April 06, 2018

Best of the States

AP Exclusive: Confidential toxicology report details Prince overdose

In the nearly two years since Prince’s sudden drug overdose death in 2016, Minneapolis reporter Amy Forliti has closely tracked the criminal investigation into his death, cultivating sources who could help her break developments along the way, including the possibility of criminal charges.

A medical examiner's scant one-page report had cited an accidental overdose of fentanyl as the cause of Prince’s death, but provided almost no other detail. Forliti had pursued a copy of the autopsy and toxicology report ever since from multiple sources. She finally obtained the confidential toxicology report on March 26.

Forliti talked to three experts not involved in the case who analyzed blood and liver readings in the report and characterized them as “exceedingly high” – as one expert put it, they were very high even for a chronic pain patient. The details were something no other media could match.

Forliti's exclusive was widely played. It led the Minneapolis Star Tribune's website for hours and made the printed paper, a rarity for a story on which they compete with AP. CNN referenced the story on-air and online with credit to AP.

For relentlessly working her sources to break news on a long-simmering story, Amy Forliti wins this week’s Best of the States award.

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July 02, 2021

Beat of the Week

(Honorable Mention)

AP: Overdose deaths for Black American soar during pandemic

teamed up to make AP first to report on how the pandemic exacerbated the spread of opioid addiction among Black Americans. Their story focused on St. Louis, bringing to light a new consequence of the coronavirus and racial injustice, major themes of the past year, showing that the pandemic accelerated a trend that was already in the works: The spread of opioid addiction from mostly rural, white communities to more urban, Black neighborhoods. The reporting placed this trend squarely in a history of drug addiction in America that has long discriminated against Black people, and described how even today, the best drug abuse treatment is more accessible to white people than to Black people. As one doctor put it, the soaring death rate from drug addiction has become a pressing civil rights issue. The story was sensitively told in text, photos and video, with poignant details, including one mother fearing her son’s overdose death for so long that she paid for his funeral in monthly installments. The care taken in telling this story was rewarded with AP’s second-highest reader engagement metrics of the day.https://aplink.news/ak7https://aplink.video/ce5https://aplink.photos/kgr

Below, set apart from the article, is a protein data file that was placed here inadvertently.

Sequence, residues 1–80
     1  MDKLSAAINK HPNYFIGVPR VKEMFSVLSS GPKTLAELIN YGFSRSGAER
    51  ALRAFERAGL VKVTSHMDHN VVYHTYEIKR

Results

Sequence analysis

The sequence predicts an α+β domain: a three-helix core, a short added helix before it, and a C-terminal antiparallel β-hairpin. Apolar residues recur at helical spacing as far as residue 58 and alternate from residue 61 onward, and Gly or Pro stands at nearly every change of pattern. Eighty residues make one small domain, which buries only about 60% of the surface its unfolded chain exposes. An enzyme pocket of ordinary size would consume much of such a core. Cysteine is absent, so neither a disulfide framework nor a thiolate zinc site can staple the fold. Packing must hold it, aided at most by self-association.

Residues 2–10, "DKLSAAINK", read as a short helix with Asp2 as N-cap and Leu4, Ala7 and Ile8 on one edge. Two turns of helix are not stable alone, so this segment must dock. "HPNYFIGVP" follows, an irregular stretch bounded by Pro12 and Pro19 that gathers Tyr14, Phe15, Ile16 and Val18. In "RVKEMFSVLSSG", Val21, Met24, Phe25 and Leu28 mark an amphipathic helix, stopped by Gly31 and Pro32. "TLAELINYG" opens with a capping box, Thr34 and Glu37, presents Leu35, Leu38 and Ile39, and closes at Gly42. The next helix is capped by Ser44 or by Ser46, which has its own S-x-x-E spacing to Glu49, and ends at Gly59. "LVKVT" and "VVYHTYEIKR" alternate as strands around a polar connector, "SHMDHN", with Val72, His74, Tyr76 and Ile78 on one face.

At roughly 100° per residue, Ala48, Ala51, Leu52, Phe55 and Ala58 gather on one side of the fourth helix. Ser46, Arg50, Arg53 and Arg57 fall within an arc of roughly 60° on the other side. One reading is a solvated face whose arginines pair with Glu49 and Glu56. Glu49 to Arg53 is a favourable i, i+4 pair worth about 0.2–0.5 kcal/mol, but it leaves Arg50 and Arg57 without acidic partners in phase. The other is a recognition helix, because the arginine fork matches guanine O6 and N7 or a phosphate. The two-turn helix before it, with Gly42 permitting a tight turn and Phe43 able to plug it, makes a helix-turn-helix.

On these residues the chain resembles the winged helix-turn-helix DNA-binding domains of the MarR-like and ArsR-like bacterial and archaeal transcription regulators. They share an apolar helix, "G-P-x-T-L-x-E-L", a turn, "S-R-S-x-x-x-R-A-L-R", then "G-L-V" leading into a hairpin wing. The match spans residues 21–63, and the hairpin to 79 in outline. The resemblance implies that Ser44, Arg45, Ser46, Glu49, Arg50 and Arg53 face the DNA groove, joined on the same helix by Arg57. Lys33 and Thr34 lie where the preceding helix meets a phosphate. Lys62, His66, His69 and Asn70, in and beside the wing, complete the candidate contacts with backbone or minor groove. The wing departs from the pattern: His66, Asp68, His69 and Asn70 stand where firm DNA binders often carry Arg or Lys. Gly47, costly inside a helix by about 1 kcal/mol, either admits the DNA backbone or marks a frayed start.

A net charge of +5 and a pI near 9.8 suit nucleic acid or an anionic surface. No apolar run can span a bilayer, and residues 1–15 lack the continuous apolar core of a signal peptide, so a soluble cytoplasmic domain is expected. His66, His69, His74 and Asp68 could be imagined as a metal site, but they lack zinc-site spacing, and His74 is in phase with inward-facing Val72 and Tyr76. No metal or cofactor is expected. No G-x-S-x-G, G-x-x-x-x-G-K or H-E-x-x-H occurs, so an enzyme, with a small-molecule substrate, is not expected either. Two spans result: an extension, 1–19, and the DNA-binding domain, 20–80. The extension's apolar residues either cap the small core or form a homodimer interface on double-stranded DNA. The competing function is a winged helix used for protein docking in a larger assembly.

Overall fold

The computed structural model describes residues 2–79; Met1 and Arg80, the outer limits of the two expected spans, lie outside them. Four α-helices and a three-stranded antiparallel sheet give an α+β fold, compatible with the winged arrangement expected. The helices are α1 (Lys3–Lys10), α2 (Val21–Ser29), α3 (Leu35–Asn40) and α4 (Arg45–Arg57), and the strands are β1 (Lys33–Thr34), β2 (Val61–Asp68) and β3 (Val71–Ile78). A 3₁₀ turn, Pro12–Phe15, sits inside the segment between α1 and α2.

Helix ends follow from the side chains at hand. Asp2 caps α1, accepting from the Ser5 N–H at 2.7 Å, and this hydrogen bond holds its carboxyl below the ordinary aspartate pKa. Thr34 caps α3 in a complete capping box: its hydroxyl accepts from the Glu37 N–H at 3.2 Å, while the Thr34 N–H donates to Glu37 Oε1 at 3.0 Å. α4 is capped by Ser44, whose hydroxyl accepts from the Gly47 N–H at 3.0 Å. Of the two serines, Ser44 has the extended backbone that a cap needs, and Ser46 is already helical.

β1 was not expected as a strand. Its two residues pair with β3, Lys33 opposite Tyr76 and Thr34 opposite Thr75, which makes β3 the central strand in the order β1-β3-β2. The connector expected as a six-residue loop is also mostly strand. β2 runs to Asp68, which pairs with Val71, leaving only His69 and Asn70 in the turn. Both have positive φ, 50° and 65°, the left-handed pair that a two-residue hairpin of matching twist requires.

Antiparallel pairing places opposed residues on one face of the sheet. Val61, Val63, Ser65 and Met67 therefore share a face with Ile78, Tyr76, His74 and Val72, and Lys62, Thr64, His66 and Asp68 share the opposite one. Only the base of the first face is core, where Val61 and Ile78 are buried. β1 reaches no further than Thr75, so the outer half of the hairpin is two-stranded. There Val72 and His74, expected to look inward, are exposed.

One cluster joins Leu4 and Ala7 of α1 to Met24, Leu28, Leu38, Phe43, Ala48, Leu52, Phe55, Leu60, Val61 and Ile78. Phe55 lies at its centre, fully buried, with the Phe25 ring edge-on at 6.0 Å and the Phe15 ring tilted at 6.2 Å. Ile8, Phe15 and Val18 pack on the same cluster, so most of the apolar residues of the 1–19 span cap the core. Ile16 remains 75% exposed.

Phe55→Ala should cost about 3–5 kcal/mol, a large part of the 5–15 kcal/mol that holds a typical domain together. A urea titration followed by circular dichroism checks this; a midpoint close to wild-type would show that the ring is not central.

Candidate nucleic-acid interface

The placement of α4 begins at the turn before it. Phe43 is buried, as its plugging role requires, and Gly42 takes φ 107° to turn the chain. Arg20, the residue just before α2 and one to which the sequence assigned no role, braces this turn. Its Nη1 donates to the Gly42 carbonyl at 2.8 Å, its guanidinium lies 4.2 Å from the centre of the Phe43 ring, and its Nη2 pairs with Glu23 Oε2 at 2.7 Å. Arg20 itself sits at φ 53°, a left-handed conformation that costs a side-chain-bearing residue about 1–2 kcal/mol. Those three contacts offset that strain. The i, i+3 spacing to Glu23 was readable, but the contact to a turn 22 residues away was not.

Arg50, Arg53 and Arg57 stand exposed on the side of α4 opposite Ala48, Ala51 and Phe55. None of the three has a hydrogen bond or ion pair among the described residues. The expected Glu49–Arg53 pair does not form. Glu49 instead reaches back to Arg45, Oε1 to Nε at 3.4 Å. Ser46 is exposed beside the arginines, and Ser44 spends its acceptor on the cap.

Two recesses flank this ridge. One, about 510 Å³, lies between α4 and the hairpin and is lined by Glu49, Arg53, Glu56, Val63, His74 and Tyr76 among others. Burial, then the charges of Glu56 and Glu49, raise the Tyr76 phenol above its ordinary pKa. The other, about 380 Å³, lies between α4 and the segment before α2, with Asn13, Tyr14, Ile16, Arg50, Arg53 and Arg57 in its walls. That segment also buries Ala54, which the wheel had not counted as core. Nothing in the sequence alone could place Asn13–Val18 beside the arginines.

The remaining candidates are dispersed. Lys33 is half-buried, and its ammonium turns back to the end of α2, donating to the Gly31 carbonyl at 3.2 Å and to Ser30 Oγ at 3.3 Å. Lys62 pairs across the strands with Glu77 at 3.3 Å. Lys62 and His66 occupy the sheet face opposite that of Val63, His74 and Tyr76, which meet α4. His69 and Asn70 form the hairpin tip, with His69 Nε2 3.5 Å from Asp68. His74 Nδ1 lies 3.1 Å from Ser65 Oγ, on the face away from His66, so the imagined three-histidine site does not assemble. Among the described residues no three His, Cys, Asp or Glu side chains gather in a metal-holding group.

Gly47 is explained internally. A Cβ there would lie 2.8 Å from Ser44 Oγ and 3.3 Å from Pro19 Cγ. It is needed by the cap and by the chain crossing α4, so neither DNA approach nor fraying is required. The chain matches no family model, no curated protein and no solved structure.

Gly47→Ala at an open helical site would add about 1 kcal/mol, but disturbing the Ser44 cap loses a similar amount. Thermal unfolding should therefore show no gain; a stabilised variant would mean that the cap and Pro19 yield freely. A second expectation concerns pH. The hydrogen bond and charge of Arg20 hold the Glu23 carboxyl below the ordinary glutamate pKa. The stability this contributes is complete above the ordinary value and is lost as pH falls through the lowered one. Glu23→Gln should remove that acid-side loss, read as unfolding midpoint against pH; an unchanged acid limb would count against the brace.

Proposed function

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Jan. 12, 2018

Best of the Week — First Winner

Persistence pays: APNewsbreak on major changes in US marijuana policy

The source's message delivered by text was short and simple: "I have big news."

Sadie Gurman, a Justice Department reporter, had covered Colorado's first-in-the-nation pot experiment when she was a staffer in Denver, cultivating activists and law enforcement officials as sources. So when she transferred to Washington about a year ago, she had a burning question: When would Attorney General Jeff Sessions, a fierce opponent of decriminalization of marijuana, reverse the Obama administration’s hands-off approach to states that have legalized the drug?